RECENT FAMILY MATTERS
Post separation redundancy treated in de facto property settlement
Our family law client was a divorced male in his 50’s, and a father of 2 adult children from his previous marriage. In his mid-40’s he entered into a relationship with a single mother of then teenage children (Applicant). They were in a relationship for approximately 8 years. During this time they kept their day to day finances separate, however after 3 years living together they purchased a house as joint tenants. The couple also entered into a joint self-managed superannuation fund together. Our client was a long term employee with the same employer for approximately 15 years prior to meeting the Applicant and continued with the same company in senior positions until after the relationship ended. The Applicant was working casual and part time hours and was a low income earner. With his stronger financial position, our client made a significantly larger portion of the financial contributions during the relationship. He also made non-financial contributions by cooking and maintaining the home.
Our client had some health issues which developed as the relationship was ending and resulted in an extensive period of sick leave post the relationship breaking down. Our client was made redundant two years after the relationship breakdown and, due to the deterioration in his health, he had a severely reduced capacity for future employment.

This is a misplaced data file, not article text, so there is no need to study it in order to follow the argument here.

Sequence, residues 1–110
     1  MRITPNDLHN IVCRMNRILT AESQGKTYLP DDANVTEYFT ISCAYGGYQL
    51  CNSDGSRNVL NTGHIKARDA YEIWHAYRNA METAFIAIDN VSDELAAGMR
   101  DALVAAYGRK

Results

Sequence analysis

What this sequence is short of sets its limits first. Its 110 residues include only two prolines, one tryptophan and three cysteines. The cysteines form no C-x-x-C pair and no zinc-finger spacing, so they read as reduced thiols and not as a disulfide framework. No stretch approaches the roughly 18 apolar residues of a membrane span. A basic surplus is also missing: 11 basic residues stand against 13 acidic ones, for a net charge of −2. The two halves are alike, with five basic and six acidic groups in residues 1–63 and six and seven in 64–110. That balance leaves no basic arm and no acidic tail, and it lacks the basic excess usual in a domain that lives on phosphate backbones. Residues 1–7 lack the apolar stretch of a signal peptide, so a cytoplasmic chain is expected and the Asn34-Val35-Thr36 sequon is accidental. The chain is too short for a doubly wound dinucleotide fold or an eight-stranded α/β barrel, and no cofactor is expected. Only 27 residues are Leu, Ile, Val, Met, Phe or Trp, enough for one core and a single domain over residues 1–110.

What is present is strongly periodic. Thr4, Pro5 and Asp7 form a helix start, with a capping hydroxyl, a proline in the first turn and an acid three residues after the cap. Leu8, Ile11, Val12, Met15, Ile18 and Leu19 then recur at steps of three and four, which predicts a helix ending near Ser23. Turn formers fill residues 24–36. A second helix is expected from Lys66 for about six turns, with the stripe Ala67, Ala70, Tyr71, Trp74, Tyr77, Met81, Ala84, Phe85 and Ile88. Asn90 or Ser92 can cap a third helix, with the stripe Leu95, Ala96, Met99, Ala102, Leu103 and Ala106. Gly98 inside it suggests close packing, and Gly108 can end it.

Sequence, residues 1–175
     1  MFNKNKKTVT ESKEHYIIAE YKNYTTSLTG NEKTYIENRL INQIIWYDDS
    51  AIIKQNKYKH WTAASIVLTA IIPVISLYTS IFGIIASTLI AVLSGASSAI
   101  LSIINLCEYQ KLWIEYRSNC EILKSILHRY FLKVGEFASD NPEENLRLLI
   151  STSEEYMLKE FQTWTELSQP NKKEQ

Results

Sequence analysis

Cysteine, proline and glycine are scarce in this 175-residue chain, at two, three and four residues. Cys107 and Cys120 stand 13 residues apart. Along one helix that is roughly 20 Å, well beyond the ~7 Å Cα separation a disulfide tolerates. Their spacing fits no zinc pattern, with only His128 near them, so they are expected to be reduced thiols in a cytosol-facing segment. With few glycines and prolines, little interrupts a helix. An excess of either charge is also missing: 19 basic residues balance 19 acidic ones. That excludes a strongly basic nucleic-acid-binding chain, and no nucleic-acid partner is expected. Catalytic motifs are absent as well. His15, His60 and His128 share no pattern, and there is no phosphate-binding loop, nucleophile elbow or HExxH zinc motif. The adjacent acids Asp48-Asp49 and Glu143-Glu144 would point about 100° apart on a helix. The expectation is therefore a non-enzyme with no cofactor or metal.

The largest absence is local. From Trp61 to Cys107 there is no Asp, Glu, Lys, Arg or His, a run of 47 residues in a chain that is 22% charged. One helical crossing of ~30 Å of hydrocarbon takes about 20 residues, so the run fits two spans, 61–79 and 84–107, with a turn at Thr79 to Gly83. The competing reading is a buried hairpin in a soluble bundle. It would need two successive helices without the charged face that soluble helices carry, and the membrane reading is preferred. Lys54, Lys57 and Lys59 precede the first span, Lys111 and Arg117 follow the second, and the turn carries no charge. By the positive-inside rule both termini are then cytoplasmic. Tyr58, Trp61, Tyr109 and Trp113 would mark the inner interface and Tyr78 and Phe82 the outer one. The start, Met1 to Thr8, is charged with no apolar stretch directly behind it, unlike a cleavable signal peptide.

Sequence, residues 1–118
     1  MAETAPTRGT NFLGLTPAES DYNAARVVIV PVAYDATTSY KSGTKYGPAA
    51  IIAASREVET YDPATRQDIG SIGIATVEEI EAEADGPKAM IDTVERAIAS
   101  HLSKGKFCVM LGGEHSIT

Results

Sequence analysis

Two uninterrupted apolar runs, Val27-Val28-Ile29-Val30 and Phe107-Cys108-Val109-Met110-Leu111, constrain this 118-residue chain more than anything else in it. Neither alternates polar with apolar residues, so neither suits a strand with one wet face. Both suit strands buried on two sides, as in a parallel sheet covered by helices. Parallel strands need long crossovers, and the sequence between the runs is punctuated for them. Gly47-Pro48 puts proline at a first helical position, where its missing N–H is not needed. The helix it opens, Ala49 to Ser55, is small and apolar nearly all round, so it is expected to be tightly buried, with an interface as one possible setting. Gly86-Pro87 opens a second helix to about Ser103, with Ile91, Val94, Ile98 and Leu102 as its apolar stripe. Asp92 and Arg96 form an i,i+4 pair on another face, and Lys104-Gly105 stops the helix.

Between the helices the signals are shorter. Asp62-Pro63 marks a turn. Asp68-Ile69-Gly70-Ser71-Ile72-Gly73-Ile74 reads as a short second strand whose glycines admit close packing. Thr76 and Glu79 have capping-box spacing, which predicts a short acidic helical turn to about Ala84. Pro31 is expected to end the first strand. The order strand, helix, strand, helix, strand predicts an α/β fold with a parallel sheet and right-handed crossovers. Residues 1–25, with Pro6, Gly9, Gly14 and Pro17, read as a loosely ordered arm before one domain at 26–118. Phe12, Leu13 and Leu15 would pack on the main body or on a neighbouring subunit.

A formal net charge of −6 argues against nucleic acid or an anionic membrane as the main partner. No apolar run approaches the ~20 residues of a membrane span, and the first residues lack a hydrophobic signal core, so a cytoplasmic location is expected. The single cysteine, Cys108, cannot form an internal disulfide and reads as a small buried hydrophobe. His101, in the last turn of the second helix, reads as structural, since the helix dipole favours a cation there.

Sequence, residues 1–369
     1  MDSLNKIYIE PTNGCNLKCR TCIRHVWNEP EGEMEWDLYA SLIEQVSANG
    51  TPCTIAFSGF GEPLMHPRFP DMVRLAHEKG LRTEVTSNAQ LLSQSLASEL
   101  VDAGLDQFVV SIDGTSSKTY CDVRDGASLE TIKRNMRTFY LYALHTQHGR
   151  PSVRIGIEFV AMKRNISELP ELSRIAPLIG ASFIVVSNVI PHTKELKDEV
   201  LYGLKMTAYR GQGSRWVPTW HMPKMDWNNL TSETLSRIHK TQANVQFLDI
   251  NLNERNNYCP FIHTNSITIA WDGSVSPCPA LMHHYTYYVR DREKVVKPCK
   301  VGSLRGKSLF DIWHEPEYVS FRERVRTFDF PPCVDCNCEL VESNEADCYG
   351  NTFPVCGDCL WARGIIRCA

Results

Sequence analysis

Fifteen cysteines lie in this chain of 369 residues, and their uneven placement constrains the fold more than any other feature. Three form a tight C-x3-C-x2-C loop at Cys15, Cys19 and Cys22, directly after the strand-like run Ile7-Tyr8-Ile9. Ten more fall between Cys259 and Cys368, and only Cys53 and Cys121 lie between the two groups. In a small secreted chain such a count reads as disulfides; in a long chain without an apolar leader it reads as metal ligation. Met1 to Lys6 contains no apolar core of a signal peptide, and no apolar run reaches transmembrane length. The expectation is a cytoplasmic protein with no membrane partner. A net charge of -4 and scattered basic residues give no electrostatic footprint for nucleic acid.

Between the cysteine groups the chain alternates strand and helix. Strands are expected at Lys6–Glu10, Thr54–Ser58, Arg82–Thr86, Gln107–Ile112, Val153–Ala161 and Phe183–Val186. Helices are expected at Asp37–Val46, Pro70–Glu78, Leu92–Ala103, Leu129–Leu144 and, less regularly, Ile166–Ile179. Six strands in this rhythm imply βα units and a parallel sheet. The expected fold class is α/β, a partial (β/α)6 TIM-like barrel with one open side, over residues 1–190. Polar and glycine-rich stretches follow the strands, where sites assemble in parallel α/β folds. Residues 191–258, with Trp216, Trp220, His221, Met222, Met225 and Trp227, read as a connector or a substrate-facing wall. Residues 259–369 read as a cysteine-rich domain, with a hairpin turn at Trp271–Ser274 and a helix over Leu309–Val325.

The Applicant sought a 50/50 split of their combined assets and liabilities and for the redundancy payout to be included in the property settlement. Our client argued that his redundancy payout should not form part of the property settlement and sought a 60/40 split of their combined assets and liabilities excluding his redundancy payout. There was also a dispute over the non-financial contributions of each party, our client maintained that it was evenly split while the Applicant claimed she was the primary non-financial contributor in the relationship.
The matter went to trial as the parties could not come to an agreement. The Judge ordered that the redundancy payout be apportioned so that 8/23rds be included in the net assets available for a split (reflecting their relationship lasting 8 years of our client’s 23 years of employment). The Judge found that our client made a greater financial contribution and that both parties made equal non-financial contributions.
The payout ordered by the Judge of our client to the Applicant was approximately half of what the Applicant had originally sought, and was within the range that we had estimated to our client would be payable to the Applicant at trial. A successful outcome for this family law client.